SALEM, Ore. — Those in Southern Oregon who frequently check air quality readings due to unhealthy levels of lingering smoke may be pleased to learn that the Oregon Department of Environmental Quality (DEQ) which operates many of those monitoring stations just received a $314,375 investment from the U.S. Environmental Protection Agency (EPA).
According to the EPA, the grant is specifically intended to help support the DEQ's air monitoring programs, maintaining the state's monitoring network for hazardous air pollutants. The DEQ also works to reduce emissions of hazardous air pollutants and enforces air regulations in the state.
Pollutants Levels Drop Between 1970 and 2017 (from the EPA)
- Sulfur dioxide (1-hour) - ↓ 88%
- Lead (3-month average) - ↓ 80%
- Carbon monoxide (8-hour) - ↓ 77%
- Nitrogen dioxide (annual) - ↓ 56%
- Fine Particulate Matter (24-hour) - ↓ 40%
- Coarse Particulate Matter (24-hour) - ↓ 34%
- Ground-level ozone (8-hour) - ↓ 22%
“EPA and our regulatory partners at the state and local level have taken significant steps to dramatically reduce hazardous air pollutants and provide important health protections,” said EPA Regional Administrator Chris Hladick. “This grant helps further protect our communities and gives us a better understanding of the air pollution sources that may be affecting Oregon’s local air quality.”
There are currently 187 hazardous air pollutants, or "air toxics," regulated under the Clean Air Act that have been associated with a wide variety of adverse health effects, including cancer and neurological effects. These air toxics come from multiple sources—including major stationary, area, and mobile sources, resulting in community exposure to these pollutants.
The National Air Toxics Trends Station program was developed to fulfill the need for long-term hazardous air pollutants monitoring data of consistent quality. These sites are part of a 27-site national network of air pollution monitoring stations. The primary purpose of the network is tracking trends in ambient air pollutant levels to help measure progress toward reducing emissions and health risks.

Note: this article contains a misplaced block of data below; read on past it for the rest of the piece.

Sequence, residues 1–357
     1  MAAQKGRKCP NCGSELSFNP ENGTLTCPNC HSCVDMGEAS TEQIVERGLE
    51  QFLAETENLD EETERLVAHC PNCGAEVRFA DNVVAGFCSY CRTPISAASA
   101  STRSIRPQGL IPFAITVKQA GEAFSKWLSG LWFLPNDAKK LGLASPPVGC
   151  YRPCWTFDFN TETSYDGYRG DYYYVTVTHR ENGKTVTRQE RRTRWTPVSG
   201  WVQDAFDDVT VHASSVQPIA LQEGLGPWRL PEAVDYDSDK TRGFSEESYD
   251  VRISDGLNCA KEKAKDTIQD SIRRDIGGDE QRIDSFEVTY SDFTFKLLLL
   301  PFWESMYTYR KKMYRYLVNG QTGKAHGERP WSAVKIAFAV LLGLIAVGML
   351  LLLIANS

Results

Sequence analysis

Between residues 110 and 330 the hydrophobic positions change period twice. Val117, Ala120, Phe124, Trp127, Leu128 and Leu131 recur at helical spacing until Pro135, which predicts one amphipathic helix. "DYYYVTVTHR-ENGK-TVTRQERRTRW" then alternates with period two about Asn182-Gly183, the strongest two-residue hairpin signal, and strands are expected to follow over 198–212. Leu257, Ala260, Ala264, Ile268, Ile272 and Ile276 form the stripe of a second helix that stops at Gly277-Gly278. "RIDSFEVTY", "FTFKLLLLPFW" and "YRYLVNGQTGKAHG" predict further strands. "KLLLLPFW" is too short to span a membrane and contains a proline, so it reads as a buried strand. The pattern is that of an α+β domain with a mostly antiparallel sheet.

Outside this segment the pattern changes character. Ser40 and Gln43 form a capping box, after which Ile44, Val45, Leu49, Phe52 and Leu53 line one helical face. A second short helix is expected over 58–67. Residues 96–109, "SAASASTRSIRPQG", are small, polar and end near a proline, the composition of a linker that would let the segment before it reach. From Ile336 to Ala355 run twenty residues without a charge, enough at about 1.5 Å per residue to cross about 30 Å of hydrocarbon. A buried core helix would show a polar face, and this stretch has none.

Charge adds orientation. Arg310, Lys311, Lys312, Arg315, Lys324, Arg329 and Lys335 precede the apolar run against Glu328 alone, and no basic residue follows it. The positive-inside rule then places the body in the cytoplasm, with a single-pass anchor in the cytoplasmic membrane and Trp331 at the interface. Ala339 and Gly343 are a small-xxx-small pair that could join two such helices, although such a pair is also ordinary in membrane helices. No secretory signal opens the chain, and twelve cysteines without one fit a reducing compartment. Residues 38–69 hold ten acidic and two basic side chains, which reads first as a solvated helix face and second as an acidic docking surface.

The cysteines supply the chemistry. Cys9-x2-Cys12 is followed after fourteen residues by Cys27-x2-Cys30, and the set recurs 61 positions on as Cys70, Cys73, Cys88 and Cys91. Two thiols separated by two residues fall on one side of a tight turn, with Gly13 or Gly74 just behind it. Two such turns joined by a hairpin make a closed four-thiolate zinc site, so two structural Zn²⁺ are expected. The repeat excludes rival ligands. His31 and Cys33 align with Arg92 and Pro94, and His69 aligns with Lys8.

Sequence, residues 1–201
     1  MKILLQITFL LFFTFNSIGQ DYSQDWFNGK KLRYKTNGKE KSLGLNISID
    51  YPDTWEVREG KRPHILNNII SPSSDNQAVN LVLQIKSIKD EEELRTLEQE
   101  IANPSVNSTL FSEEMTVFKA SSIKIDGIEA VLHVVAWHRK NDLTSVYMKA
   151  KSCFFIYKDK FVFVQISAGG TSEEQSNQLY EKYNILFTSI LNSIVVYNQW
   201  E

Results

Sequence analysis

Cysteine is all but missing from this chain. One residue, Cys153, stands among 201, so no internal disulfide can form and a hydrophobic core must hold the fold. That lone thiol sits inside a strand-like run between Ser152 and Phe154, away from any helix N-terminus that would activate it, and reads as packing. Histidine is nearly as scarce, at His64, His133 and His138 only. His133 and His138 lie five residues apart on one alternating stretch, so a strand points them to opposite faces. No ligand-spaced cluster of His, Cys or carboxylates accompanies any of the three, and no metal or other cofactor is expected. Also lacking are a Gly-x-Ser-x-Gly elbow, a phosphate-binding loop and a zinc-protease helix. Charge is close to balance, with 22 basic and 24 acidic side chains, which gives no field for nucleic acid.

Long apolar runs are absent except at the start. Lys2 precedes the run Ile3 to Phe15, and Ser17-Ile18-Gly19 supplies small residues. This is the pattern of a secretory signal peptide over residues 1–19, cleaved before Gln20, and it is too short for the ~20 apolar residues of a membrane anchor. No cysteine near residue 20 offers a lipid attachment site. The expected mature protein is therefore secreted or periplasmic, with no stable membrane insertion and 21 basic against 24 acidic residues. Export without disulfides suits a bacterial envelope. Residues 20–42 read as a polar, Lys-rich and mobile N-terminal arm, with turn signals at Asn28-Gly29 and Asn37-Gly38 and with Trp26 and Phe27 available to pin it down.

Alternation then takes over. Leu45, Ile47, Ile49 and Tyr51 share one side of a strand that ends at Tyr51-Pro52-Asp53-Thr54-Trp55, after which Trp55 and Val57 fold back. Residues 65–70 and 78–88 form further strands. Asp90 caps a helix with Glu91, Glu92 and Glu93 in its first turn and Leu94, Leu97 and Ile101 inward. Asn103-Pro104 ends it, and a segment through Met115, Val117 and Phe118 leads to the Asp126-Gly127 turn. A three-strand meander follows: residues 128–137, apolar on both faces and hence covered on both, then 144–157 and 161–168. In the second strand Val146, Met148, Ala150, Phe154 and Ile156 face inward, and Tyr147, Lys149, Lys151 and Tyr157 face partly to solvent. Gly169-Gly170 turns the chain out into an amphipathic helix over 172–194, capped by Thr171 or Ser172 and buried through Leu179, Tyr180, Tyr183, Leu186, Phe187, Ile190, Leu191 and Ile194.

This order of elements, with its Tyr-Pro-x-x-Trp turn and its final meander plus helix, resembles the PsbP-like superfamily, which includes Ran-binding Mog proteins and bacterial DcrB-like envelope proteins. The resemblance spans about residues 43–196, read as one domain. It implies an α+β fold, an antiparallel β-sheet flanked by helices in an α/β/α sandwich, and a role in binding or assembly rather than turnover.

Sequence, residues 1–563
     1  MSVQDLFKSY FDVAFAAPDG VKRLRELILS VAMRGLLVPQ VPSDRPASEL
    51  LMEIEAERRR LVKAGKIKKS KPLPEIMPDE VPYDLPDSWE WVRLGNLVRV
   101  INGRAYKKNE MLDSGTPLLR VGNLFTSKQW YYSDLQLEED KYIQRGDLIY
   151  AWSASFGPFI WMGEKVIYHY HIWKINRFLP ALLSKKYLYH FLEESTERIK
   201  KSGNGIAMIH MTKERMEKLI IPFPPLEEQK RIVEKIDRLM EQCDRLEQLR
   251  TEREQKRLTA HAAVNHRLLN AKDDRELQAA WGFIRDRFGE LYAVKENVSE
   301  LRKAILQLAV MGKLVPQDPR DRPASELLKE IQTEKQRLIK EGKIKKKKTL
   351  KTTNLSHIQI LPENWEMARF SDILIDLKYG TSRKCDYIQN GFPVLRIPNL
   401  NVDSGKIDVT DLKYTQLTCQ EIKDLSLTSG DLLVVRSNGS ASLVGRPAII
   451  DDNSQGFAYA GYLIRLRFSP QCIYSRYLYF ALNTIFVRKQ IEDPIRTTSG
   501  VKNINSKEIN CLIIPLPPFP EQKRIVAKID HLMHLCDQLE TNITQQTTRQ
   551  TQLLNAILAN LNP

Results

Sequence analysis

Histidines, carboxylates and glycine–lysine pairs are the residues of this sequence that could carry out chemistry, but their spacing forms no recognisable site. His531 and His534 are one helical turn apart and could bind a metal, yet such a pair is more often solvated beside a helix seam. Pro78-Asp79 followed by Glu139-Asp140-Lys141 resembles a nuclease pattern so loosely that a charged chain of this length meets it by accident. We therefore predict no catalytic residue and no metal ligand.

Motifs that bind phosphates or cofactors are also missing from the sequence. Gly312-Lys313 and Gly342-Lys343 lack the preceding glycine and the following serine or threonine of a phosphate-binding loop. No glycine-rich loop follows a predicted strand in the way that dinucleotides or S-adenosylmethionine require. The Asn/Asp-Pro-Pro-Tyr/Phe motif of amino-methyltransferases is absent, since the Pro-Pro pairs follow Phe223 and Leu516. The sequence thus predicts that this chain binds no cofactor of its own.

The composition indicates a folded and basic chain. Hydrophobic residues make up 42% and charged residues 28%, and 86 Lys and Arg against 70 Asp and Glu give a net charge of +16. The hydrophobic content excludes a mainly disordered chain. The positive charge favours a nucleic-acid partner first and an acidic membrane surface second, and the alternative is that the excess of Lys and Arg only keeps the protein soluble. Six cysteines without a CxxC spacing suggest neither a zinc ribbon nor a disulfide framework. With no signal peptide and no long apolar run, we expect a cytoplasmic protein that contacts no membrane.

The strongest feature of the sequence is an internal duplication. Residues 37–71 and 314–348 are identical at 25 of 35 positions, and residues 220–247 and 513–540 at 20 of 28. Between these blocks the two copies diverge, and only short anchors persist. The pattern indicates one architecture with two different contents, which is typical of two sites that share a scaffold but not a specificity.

DEQ is currently operating two of these National Air Toxics Trends monitoring sites in Oregon. One station is in La Grande (a rural site) and the other is in Portland (an urban site). EPA grant funding supports the activities of DEQ in the operation of these two sites. EPA has provided grant funding to support DEQ’s air quality monitoring program for more than a decade.
“EPA’s grant will support our ability to make science-based decisions, which is the cornerstone of our work and critical for advancing healthy communities and economic progress in Oregon,” said DEQ Director Richard Whitman. “Our progress is most effectively achieved with support from our federal partners and work with local communities to meet regulatory standards."
According to the EPA's most recent air trends report, the combined emissions of six major pollutants dropped by 73 percent between 1970 and 2017. The EPA also claims that average concentrations of many pollutants decreased significantly between 1990 and 2017 [see sidebar for more details].
The Clean Air Act was established to lower levels of six common pollutants—particles, ozone, lead, carbon monoxide, nitrogen dioxide and sulfur dioxide—and toxic pollutants. The gathering of data on actual conditions is key to both state and local clean air programs.
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